Hat tip to a loyal reader who sent word yesterday of: “Goodwin Points to 3rd-Party Vendor as Root of Data Breach” —
- “Goodwin Procter found itself the victim of a cyberattack, the firm acknowledged Tuesday, after a vendor to the firm that handles large file transfers was hacked, allowing the intruders to access data the third party had handled for the law firm.”
- “Bettencourt stated in the memo that the firm believes Goodwin was not the only client of the vendor that was affected by the breach.”
- “The memo stated that after being notified of the breach, Goodwin disconnected the vendor from its network and ‘halted use of service for any transfers,’ hired an independent forensic security expert and opened its own investigation into the matter.”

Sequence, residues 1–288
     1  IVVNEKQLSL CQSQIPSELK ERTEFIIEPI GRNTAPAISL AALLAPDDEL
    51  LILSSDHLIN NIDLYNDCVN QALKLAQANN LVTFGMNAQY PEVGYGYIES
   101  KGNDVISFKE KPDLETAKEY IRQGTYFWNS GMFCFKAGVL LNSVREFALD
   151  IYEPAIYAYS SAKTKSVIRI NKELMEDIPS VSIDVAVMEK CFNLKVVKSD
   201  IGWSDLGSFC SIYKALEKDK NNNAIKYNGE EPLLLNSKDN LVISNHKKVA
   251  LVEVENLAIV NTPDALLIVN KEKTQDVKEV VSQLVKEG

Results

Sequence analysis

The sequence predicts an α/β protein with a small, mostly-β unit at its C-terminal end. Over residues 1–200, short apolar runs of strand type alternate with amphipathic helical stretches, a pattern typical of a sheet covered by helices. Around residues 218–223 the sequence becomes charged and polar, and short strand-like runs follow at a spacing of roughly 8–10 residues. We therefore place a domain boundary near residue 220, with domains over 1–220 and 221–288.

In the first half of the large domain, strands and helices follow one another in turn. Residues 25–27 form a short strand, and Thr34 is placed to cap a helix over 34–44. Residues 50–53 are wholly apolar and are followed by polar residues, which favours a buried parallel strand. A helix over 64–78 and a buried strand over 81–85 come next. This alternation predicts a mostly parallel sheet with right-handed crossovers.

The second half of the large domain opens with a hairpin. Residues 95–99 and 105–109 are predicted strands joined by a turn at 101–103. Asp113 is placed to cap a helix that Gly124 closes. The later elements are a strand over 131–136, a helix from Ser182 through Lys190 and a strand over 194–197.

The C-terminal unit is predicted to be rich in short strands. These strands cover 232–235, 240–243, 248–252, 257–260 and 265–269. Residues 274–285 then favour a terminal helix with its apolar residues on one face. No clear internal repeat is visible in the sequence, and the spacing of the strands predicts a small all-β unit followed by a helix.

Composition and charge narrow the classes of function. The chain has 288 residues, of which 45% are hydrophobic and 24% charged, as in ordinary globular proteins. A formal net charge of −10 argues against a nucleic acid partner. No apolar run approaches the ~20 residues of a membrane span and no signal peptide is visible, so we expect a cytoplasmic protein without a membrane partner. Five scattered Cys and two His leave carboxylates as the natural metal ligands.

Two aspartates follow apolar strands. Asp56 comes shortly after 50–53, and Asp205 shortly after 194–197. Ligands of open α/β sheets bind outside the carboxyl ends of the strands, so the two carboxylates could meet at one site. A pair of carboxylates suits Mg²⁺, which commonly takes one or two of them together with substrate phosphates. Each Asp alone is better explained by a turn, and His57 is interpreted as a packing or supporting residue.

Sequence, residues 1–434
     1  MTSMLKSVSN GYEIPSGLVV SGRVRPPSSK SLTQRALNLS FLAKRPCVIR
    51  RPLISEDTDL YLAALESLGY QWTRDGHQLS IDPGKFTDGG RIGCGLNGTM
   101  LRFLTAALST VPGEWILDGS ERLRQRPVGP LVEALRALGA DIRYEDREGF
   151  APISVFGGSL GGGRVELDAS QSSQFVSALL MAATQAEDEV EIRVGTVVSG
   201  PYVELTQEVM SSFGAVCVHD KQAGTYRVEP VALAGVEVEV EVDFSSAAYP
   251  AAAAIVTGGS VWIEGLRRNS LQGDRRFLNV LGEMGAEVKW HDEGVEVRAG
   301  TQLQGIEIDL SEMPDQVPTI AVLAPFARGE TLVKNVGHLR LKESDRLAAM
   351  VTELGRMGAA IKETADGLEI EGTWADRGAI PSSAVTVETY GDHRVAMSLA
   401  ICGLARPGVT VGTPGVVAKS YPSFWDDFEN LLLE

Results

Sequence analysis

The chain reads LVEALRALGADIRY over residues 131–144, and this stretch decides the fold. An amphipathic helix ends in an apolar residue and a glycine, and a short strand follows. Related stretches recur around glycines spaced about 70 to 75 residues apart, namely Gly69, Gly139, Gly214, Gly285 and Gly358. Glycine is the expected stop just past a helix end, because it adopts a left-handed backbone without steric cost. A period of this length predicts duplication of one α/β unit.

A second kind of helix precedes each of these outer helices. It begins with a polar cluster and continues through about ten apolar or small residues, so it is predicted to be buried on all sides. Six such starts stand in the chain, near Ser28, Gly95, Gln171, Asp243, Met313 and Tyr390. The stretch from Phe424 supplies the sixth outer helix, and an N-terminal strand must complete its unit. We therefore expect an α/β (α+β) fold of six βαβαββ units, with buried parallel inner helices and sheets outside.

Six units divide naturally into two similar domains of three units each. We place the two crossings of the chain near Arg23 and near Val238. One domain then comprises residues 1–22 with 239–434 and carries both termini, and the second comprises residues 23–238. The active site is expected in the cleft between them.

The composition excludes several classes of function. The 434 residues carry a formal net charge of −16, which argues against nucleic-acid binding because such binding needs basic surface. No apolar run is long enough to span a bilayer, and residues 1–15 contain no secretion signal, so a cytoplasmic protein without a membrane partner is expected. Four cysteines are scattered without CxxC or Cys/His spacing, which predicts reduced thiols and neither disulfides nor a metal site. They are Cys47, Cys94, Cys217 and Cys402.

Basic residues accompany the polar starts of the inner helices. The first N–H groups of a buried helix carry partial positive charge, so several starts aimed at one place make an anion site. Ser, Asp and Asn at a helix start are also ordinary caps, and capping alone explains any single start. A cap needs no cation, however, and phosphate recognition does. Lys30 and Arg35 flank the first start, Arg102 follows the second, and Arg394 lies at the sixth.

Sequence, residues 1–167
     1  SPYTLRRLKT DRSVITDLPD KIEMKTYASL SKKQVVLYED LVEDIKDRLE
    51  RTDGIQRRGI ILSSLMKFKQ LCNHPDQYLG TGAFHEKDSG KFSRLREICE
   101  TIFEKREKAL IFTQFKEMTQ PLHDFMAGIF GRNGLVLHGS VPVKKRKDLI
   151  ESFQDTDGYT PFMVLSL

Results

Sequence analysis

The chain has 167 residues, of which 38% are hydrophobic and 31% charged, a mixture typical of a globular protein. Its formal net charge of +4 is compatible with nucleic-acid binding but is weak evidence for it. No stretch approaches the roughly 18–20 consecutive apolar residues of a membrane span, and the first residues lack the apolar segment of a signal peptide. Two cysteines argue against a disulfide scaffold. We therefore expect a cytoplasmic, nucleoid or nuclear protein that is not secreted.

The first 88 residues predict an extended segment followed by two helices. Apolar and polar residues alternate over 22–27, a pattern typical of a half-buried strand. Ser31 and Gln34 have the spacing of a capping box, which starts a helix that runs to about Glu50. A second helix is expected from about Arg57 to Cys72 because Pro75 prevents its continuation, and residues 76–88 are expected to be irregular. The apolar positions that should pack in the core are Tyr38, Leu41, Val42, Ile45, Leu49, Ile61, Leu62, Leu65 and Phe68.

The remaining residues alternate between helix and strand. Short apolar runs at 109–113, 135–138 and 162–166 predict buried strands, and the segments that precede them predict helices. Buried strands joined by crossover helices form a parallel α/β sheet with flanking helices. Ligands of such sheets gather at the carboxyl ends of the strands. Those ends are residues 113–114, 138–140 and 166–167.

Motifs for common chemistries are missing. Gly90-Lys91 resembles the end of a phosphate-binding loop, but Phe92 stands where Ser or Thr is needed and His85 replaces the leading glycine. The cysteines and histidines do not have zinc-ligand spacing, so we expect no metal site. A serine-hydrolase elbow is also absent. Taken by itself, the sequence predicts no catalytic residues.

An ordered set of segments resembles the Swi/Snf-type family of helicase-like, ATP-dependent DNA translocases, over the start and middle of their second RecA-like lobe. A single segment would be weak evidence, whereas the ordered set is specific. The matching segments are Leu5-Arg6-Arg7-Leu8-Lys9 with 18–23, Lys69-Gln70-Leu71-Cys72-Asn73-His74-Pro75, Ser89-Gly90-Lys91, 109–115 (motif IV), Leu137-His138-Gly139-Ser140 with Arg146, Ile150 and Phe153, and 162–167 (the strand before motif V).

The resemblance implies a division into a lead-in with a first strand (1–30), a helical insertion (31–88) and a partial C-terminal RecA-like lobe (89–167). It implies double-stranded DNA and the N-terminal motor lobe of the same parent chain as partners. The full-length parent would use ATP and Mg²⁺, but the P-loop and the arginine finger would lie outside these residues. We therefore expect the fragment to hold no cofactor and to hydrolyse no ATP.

- “The investigation also revealed that a few Goodwin workers were impacted by the breach, the memo said. It did not appear that the firm’s human resources system or any firm resources, other than the file transfer service, were impacted, according to the memo. The firm believes that the vendor’s security issue impacted several of the vendor’s customers, not just Goodwin, the memo said.”
- “‘Please know that we were running the most current version of the service and following all directions to ensure the proper maintenance of the system,’ the memo said. ‘This included deploying security patches as soon as [they] were made available to us.'”
Thinking of that eventual report brings to mind recent news about security forensics privilege matters.